Scientists discover the structure of the adult brain

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image: Representative map of affected connections in the brain. The number of these connections increased after treatment.
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Credit: Jonathan Repple

Scientists believe that the structure of the adult brain is generally rigid and incapable of rapid change; now new work has shown that’s not true. German researchers have shown that hospital treatment of depression can lead to an increase in brain connectivity, and patients who respond well to this treatment show a greater increase in connectivity than those who do not.

Presenting the work at the European College of Neuropsychopharmacology Congress in Vienna, lead researcher Professor Jonathan Repple said:

Commenting, Dr Eric Ruhe, of Rabdoud University Medical Center, Nijmegen, the Netherlands, said:

This means that the brain structure of patients with severe clinical depression is not as fixed as we thought, and we can improve the brain structure in a short time, about 6 weeks. We have found that while this treatment leads to an increase in brain connectivity, it is also effective in combating the symptoms of depression. This gives hope to patients who believe that nothing can change and that they must live with a disease forever, because it is “carved in stone” in their brain”.

The researchers, working at the University of Münster in Germany, studied 109 patients with severe depression (major depressive disorder) and compared them to 55 healthy controls. Their brains were scanned using an MRI scanner that had been set up to identify which parts of the brain were communicating with other parts, determining the level of connections in the brain. Patients were then treated for depression, some with electroconvulsive therapy (ECT), some with psychological therapy or medication, some with a combination of all therapies. After processing, they were then rescanned and the number of connections was recounted. They were also retested for symptoms of depression.

Professor Repple (now professor of predictive psychiatry at the University of Frankfurt) said:

We found that treating depression changed the infrastructure of the brain, which goes against previous expectations. The treated patients showed a greater number of connections than they had shown before the treatment. Moreover, those who showed the most response to treatment had developed a greater number of new connections than those who showed little response. A the second analysis showing that there are no temporal effects in healthy controls confirms our conclusions that we are seeing something that is related to the disease and, more importantly, to the treatment of that disease.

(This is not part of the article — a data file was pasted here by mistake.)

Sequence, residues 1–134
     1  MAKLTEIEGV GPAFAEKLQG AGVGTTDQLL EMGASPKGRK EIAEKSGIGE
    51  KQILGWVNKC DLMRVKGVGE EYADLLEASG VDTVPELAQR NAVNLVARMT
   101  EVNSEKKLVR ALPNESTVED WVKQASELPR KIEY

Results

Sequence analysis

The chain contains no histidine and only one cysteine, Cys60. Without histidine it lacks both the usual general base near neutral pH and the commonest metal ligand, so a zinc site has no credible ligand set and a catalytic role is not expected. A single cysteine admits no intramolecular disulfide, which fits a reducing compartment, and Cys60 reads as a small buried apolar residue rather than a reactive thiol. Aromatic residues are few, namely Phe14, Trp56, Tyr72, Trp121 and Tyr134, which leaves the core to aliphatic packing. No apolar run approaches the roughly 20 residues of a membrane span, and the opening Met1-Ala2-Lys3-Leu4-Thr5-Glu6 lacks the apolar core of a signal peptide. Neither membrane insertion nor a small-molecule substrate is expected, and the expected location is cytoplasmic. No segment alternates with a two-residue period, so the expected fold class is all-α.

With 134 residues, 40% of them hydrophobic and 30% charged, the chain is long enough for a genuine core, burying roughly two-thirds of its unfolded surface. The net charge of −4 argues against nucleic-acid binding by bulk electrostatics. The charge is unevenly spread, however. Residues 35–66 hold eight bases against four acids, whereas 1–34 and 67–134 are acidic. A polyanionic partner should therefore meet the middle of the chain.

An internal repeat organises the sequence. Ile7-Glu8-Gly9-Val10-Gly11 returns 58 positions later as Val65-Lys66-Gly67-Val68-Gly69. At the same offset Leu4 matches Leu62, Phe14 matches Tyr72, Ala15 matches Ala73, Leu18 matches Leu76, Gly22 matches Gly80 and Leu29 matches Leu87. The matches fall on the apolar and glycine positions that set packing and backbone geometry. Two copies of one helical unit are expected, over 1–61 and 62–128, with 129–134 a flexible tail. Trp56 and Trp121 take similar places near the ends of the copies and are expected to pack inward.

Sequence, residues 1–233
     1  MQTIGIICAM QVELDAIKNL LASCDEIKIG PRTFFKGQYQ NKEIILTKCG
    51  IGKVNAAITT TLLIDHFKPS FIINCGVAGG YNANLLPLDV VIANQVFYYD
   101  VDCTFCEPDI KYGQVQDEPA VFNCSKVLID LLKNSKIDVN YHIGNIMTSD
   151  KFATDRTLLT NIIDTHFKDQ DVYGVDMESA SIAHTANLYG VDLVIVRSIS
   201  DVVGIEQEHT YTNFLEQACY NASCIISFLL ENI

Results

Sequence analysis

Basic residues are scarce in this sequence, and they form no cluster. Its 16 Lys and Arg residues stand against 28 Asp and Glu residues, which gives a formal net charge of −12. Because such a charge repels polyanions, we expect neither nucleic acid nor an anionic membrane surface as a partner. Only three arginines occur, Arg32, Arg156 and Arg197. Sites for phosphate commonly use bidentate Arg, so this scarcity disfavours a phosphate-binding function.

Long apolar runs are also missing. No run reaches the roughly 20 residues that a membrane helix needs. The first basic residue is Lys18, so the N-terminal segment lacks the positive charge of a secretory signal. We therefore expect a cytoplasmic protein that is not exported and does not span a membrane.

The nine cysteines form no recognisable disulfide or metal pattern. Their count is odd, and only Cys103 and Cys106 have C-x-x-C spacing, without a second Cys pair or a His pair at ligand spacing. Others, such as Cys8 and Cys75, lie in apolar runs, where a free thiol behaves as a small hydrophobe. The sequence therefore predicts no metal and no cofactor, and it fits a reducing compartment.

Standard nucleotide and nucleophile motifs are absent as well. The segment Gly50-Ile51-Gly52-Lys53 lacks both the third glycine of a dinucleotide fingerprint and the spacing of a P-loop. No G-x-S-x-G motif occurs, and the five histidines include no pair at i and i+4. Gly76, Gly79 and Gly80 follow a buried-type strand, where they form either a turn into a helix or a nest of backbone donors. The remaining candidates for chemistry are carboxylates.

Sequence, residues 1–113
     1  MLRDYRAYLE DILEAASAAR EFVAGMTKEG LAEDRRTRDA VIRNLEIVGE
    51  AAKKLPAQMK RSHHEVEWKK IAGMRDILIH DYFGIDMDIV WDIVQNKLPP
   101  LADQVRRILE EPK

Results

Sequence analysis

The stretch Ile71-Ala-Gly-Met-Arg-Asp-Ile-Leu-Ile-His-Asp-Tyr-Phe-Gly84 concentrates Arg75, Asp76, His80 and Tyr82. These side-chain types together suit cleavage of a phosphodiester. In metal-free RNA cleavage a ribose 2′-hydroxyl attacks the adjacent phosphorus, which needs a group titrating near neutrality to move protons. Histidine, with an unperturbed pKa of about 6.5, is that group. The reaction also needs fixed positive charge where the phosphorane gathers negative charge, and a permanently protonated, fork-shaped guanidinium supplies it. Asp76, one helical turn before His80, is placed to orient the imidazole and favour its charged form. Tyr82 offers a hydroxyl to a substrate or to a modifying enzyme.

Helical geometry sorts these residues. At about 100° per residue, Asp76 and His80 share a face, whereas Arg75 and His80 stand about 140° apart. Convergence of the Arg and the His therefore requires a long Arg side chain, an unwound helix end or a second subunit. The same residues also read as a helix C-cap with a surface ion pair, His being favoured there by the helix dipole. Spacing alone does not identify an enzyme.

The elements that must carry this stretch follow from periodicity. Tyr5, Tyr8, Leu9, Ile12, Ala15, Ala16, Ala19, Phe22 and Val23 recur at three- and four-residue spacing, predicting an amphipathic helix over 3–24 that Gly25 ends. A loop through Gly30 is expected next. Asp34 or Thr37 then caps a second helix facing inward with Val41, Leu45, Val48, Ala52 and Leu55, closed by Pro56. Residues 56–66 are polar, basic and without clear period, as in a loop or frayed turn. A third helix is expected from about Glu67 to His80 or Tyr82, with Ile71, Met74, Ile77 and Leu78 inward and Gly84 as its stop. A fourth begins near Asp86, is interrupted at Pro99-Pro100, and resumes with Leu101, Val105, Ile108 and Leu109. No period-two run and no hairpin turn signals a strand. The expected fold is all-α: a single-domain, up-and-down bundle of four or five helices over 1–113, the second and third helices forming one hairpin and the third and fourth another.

We found that these changes happened over a period of only about 6 weeks, we were surprised at how fast the response was. We have no explanation as to how these changes occur, or why they should occur with such different forms of treatment.”

“This is a very interesting and challenging study in which the authors repeated MRI scans to reveal changes in structural connectivity over time in patients treated for depression.

The results are very much in line with our current belief that the brain has much more flexibility to adapt over (however short) a period of time than previously thought. Indeed, a major insight into what the treatment of depression (and other psychiatric illnesses) invokes is plastic changes over time. This has been proposed as a common mechanism for antidepressants, psychotherapy, and electroconvulsive therapy. However, the amount of research to elucidate which changes are necessary or specific for treatment response or depression remission is limited. Additionally, the next question is whether different treatments have the ability to specifically alter targeted brain networks or vice versa whether we can use brain network disturbances as measured in the present study to choose which therapy will be helpful.

The fact that the changes observed over time cannot be associated with any form of treatment is unfortunate, but as the authors themselves suggest a topic for further research. First, these results should be replicated in independent samples, which hopefully will happen soon. Second, further elaboration of this approach would be daunting and should be strongly supported as this work could help bridge the current gap between neuroscience and evidence-based patient care.”

This is an independent comment, Dr. Ruhe was not involved in this study.

This work is presented at the 35e European College of Neuropsychopharmacology Annual Conference, taking place in Vienna and online October 15-18, see https://www.ecnp.eu/Congress2022/ECNPcongress. Up to 5000 delegates are expected. ECNP is the leading European organization working in the field of applied neuroscience.


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